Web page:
StemExpress sues pro-life group, gets temporary restraining order on videos

On Wednesday, the Los Angeles Superior Court issued a temporary restraining order prohibiting the Center for Medical Progress from releasing any videos of the leaders of the now-infamous StemExpress fetal tissue procurement agency.

An Associated Press story reports the pro-life group must not release “any video of three high-ranking StemExpress officials taken at a restaurant in May. It appears to be the first legal action prohibiting the release of a video from the organization.”

A statement today by CMP countered by saying:

StemExpress, a for-profit company partnered with over 30 abortion clinics, including Planned Parenthood, to harvest and sell aborted baby parts and provide a “financial benefit” to Planned Parenthood clinics, is attempting to use meritless litigation to cover-up this illegal baby parts trade, suppress free speech, and silence the citizen press reporting on issues of burning concern to the American public.

They are not succeeding—their initial petition was rejected by the court, and their second petition was eviscerated to a narrow and contingent order about an alleged recording pending CMP’s opportunity to respond. The Center for Medical Progress follows all applicable laws in the course of our investigative journalism work and will contest all attempts from Planned Parenthood and their allies to silence our First Amendment rights and suppress investigative journalism.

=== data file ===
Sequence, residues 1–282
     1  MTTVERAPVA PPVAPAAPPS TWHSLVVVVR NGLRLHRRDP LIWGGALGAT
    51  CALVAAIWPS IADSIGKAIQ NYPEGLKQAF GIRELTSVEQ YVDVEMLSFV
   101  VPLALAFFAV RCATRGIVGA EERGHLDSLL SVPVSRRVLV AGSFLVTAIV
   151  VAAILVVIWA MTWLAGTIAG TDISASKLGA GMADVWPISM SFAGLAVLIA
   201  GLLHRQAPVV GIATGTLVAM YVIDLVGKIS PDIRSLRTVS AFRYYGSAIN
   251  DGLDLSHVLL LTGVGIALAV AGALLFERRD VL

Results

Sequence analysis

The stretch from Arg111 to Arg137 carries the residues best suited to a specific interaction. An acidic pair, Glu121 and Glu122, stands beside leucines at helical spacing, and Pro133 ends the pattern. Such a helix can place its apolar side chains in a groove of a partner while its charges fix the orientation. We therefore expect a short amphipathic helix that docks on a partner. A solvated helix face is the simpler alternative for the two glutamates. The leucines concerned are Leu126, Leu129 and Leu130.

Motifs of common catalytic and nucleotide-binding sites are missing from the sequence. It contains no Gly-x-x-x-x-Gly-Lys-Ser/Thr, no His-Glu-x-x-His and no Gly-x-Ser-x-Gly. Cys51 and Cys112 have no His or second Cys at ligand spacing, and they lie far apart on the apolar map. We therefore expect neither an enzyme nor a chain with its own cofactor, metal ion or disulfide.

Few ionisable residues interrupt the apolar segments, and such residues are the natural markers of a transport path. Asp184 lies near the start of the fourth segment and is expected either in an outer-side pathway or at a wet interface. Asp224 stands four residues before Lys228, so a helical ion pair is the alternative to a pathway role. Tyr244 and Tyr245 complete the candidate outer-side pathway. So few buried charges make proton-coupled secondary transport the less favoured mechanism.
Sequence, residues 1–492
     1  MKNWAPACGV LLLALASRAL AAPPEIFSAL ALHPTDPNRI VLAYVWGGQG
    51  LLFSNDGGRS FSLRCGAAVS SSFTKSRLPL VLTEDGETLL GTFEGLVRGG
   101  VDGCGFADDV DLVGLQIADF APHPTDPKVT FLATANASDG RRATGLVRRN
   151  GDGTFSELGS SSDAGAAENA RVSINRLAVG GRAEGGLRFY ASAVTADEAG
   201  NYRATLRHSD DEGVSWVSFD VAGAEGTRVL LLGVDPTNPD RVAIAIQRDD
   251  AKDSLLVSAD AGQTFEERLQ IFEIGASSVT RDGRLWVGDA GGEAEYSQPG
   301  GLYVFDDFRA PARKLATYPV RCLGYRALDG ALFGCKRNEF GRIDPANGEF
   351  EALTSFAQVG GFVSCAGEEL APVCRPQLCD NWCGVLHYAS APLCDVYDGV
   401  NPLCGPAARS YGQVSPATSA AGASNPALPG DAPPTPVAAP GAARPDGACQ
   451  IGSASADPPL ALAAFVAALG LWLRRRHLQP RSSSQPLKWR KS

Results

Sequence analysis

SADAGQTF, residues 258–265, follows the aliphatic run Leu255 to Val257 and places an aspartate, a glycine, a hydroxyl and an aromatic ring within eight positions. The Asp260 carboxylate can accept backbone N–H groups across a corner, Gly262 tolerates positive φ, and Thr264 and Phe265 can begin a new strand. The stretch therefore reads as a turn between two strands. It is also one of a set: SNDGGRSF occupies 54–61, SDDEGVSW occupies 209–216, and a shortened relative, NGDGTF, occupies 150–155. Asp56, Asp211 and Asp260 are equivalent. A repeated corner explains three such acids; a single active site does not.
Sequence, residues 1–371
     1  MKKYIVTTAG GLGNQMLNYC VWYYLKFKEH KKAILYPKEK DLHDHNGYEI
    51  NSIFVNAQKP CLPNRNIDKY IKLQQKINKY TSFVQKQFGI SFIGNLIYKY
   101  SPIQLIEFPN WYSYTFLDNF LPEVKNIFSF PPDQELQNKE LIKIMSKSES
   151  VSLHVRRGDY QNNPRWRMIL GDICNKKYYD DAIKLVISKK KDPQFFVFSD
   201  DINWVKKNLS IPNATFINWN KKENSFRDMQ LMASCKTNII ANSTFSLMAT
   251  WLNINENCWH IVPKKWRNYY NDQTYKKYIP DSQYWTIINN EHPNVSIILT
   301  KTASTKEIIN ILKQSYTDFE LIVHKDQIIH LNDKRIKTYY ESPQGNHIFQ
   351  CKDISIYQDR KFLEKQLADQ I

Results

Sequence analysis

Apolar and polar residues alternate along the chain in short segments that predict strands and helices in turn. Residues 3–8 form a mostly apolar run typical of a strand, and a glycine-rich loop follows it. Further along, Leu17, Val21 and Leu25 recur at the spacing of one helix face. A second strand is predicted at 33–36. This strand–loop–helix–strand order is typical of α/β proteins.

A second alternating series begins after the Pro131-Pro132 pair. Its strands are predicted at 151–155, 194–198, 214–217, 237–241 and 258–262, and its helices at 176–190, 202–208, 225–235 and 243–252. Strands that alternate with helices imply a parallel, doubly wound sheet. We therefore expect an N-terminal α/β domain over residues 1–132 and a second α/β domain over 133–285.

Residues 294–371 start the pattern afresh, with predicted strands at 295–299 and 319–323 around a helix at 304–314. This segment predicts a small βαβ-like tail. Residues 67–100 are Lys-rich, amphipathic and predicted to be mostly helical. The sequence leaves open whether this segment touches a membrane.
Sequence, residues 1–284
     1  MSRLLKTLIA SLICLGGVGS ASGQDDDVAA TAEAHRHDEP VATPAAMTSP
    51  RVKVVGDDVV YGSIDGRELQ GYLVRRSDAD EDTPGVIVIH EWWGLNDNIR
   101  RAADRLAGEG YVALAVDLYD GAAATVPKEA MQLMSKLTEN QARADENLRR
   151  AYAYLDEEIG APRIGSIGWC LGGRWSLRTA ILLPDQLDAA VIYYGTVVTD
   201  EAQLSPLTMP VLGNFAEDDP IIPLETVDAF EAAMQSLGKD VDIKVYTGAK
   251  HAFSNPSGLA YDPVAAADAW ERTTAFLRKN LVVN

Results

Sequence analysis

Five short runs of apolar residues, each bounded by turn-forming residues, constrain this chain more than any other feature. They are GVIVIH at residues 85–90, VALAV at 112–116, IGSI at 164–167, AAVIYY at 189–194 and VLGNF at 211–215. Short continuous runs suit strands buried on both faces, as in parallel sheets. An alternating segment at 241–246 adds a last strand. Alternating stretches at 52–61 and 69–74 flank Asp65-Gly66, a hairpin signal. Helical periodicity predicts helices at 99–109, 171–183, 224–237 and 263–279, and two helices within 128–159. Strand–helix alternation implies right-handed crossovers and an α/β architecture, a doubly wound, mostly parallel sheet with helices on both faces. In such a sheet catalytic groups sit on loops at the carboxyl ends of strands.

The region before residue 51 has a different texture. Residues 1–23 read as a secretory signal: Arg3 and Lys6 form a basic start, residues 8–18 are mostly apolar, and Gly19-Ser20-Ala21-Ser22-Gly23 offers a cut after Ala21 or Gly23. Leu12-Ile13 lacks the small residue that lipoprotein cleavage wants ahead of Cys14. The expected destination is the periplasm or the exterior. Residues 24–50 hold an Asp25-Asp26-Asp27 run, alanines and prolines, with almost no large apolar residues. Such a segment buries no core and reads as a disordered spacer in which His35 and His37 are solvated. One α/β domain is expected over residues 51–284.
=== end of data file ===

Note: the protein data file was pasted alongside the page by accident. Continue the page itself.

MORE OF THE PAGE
Yesterday, CMP released its third video in which Holly O’Donnell, a phlebotomist and former StemExpress fetal tissue worker, who went on-camera saying, “We were asked to procure certain tissues like brain, liver, thymus, pancreas, heart, lungs, and pretty much anything on the fetus.” Her willingness to speak out in first-person testimony of what happened at StemExpress was the first time a worker from the fetal tissue procurement agency had spoken out. It seems that bothered StemExpress so much, it took CMP to court. The judge issued the restraining order until a hearing, set for August 19.

This order does not apply to other video contents, and may actually hasten other content in light of litigation-happy abortion profiteers.

However, the videos indicting StemExpress and its practices in the court of public opinion probably carries more weight right now than this singular lawsuit, which says StemExpress probably has more to hide.

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